Steve Jobs at Apple: In Pictures

Take a look back at the illustrious career of Steve Jobs, from his humble
beginnings to his resignation from Apple.

By Daniel Ionescu , PCWorld

iResign

Apple CEO Steve Jobs stepped down on August 24, after 14 years at the helm of the
company. Over the course of Jobs’s tenure as CEO, Apple rose from the brink of
its demise to become, by some measurements, the most valuable company in the
world. Now Jobs is being replaced by Tim Cook, who was previously Apple’s chief
operating officer. Jobs will carry on at Apple as chairman of the board of
directors. Click on to see how we got here.

 

Steve Meets Woz (1971)

Steve Jobs meets Steve Wozniak, with whom Jobs would later found Apple.

Photo: West Bear

Homebrew Computer Club (1975)

Steve Jobs starts attending meetings of the “Homebrew Computer Club,” for
computer enthusiasts.

Photo: West Bear

The First Apple Computer (1976)

Jobs and Wozniak raise $1750 to build their first marketable tabletop
computer, the Apple I, which they sell for $666.66. It’s the first single-board
computer with a video interface and on-board ROM (Read-Only Memory), which
instructs the machine on how to load programs from an external source.

Photo: Computer History Museum

The First Personal Computer (1977)

Apple incorporates, and the new company buys out the original partnership.
The Apple II–the world’s first widely used personal computer–launches that
same year.

Photo: DigiBarn

Apple III (1980)

The Apple III launches, and the company goes public in the same year–the
share price jumps from $22 to $29 on the first day of trading.

Photo: Old
Computers

Hello, Lisa (1983)

Apple announces the Lisa, the first mouse-controlled computer, but it fails
in the marketplace. In 1983 Apple also recruits John Sculley as president and
chief executive officer.

Photo: The Mac Geek

The First Macintosh (1984)

Apple launches the Macintosh with a splashy ad campaign on Super Bowl Sunday.

Photo: MyOldMac

 

What’s Next? (1985)

Jobs is ousted from Apple after a boardroom struggle with John Sculley. He
resigns, takes five Apple employees with him, and founds Next, Inc. to develop
computer hardware and software. The company is later renamed Next Computer, Inc.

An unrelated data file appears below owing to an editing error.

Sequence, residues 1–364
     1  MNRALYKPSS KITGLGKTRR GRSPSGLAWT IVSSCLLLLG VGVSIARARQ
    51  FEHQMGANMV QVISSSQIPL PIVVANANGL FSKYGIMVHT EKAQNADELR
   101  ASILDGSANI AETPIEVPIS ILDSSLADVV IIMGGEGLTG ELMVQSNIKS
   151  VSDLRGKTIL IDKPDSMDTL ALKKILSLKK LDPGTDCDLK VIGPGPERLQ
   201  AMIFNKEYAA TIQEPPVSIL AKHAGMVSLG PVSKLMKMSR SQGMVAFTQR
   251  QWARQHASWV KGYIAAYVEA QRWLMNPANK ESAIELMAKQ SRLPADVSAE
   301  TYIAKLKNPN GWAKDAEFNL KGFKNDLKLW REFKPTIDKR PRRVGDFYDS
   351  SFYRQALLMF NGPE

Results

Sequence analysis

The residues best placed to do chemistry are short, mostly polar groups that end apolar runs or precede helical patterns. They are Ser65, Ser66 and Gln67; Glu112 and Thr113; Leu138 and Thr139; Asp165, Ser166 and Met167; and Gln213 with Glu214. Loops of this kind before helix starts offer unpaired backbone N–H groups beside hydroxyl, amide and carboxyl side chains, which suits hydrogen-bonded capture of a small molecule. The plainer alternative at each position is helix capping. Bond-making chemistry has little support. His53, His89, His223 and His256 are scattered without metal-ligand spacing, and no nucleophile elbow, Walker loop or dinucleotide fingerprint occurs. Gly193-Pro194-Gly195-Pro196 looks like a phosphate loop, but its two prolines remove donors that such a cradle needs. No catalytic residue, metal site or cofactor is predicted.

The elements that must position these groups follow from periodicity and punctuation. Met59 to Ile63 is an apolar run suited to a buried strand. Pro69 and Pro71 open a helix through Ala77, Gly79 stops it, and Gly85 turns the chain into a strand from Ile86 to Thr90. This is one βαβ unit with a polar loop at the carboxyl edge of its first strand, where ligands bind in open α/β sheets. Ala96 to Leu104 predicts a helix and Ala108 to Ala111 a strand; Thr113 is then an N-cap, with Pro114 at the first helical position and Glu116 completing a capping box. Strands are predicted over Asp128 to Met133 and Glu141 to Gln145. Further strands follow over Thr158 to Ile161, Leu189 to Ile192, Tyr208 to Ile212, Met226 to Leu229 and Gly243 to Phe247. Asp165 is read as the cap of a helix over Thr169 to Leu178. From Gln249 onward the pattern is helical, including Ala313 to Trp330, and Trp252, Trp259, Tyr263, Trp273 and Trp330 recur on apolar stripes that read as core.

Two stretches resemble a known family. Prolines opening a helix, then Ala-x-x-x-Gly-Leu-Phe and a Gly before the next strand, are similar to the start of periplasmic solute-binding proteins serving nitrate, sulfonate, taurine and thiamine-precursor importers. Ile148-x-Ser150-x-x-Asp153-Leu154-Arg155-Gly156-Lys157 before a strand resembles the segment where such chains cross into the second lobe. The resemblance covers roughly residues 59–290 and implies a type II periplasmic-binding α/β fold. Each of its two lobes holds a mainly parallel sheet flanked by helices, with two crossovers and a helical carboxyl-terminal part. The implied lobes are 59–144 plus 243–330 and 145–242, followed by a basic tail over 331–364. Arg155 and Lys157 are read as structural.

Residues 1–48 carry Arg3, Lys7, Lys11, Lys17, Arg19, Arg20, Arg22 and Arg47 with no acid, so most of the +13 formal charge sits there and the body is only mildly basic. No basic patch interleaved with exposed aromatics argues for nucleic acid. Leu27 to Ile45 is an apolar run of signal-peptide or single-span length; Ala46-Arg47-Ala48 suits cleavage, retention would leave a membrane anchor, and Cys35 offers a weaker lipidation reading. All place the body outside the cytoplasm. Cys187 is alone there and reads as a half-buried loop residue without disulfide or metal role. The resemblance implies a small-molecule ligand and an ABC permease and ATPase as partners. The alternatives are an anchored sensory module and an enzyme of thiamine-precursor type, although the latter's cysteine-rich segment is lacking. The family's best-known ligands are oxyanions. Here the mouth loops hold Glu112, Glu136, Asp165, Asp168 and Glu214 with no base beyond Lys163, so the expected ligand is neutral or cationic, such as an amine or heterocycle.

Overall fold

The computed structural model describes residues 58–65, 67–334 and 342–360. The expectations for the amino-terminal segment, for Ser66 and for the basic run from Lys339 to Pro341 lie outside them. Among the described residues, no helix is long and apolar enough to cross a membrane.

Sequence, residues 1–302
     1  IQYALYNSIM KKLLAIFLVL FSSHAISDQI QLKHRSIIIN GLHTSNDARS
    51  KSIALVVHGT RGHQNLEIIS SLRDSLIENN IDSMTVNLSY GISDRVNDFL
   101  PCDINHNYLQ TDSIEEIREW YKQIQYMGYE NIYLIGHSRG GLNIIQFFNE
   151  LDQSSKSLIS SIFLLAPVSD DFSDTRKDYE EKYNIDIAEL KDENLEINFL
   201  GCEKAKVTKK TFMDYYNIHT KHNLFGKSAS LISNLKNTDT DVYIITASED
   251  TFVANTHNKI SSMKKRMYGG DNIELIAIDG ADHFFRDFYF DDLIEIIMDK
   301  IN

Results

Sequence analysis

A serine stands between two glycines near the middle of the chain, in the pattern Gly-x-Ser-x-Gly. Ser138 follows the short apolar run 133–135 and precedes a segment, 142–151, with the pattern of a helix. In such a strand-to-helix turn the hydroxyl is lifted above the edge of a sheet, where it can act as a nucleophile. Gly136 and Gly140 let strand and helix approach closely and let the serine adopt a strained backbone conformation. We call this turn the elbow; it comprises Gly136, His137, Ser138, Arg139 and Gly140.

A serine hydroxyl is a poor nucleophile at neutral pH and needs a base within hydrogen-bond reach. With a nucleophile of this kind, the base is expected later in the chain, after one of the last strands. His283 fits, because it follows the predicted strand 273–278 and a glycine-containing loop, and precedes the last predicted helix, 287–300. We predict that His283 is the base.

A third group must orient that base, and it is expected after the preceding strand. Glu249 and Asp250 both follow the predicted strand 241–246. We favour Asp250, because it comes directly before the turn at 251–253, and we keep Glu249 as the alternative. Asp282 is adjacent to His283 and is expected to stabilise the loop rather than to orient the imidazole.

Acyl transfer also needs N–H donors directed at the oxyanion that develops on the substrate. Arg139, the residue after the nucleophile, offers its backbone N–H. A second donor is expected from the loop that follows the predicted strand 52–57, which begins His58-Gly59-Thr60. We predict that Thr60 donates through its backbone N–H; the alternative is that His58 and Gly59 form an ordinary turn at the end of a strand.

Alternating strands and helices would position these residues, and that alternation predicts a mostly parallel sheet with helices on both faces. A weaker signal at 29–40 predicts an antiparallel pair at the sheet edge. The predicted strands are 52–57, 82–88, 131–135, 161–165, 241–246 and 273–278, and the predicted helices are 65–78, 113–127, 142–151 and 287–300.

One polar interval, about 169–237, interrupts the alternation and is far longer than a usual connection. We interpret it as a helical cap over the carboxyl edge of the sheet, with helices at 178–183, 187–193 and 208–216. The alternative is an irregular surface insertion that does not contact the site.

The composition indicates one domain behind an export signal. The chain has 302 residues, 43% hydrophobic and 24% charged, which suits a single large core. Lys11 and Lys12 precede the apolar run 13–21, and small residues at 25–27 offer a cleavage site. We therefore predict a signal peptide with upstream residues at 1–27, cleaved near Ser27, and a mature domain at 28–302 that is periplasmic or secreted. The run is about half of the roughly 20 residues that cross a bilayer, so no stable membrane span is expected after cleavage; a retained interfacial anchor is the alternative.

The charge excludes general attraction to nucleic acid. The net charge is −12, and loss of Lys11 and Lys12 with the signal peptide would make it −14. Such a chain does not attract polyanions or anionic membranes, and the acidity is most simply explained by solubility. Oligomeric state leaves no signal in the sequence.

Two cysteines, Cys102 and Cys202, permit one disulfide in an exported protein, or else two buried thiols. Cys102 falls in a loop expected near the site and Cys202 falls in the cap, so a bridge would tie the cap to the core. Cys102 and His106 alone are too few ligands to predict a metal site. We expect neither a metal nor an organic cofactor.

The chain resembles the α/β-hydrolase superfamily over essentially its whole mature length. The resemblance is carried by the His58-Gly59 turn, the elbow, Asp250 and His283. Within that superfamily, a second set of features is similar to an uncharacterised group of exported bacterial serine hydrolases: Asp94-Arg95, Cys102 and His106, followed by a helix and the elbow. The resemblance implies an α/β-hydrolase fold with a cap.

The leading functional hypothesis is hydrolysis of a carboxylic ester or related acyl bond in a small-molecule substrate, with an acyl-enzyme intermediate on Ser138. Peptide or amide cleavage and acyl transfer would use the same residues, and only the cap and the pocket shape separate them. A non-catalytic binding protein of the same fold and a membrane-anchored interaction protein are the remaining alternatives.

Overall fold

Photo: Waybeta

Pixar Acquisition (1986)

Steve Jobs purchases Pixar from George Lucas for less than $10 million. The
company is later renamed Pixar Animation Studios.

Photo: Pixar

Expensive Gear (1988)

Next unveils the $6500 NeXT Computer, also known as The Cube, which comes
with a monochrome monitor. It flops in the marketplace.

Photo: CED Magic

Apple Buys Next (1996)

Apple acquires Next Computer for $427 million, and Jobs becomes advisor to
Apple chairman Gilbert F. Amelio. In 1997 Jobs becomes interim CEO and chairman
of Apple Computer after Amelio’s ouster. Jobs’s salary is $1.

Photo: Skuggen.com

The First iMac (1998)

Apple releases the all-in-one iMac, which sells millions of units,
financially reviving the company and boosting its share price by 400 percent.
The iMac wins the Gold Award from British Design and Art Direction,
Vogue calls it “one of spring’s hottest fashion statements,” and
Business Week declares that it is “one of the century’s lasting
images.”

Photo: Info Galaxy

The First iPod (2001)

Apple makes its first foray into consumer electronics, with the launch of the
iPod portable music player. (In fiscal 2004, the company sells more than 4.4
million iPods.)

Photo: Newsweek (cover)

iTunes Gets a Music Store (2003)

The iTunes Music Store, which sells encoded songs and albums, opens. The
following year, Jobs is diagnosed with pancreatic cancer and undergoes surgery.
He recovers and returns to work in September.

Photo: BBspot

The First iPhone (2007)

The first iPhone arrives, a breath of fresh air among the stodgy
BlackBerry, Palm, and Windows Mobile handsets.

Frail Health (2009)

In January 2009 Jobs says that his dramatic weight loss is caused by a
hormone imbalance. Around a week later Jobs announces that he will take a leave
of absence from Apple until June, because his medical condition has changed.
Jobs undergoes a liver transplant in June 2009, and he returns to work at the
end of the month.

Photo: Walk Like Steve Jobs

The Post-PC Era (2010)

In January 2010, Apple announces the iPad tablet, which becomes an instant
success and spawns a new category of mobile computing devices.

Photo: Macworld

Back for More (2011)

Taking a break from his medical leave announced in January 2011, Jobs makes
an appearance at a March event in San Francisco to introduce the iPad 2.

Photo: Macworld

Encore (2011)

Steve Jobs returns to the WWDC stage in June 2011 to introduce iCloud,
Apple’s new wireless data syncing service for iOS devices and computers. A few
days later, Jobs appears in front of the Cupertino City Council with a proposal
to build a spaceshiplike campus in the city.

Photo: Macworld

Not Done Yet (2011)

On August 24, Jobs steps down as Apple’s chief executive, saying he can “no
longer meet [his] duties and expectations as Apple’s CEO.” Chief operating
officer Tim Cook (left) assumes the CEO title. Jobs remains at Apple as chairman
of the board.

Photo: Dan Farber

 

Apple Patent: Infringement

Jobs is a once-in-a-lifetime CEO, so beware of the many knock-offs. Many
companies want to clone him as their leader, but there can be only one.

 

By Daniel Ionescu , PCWorld

 

 

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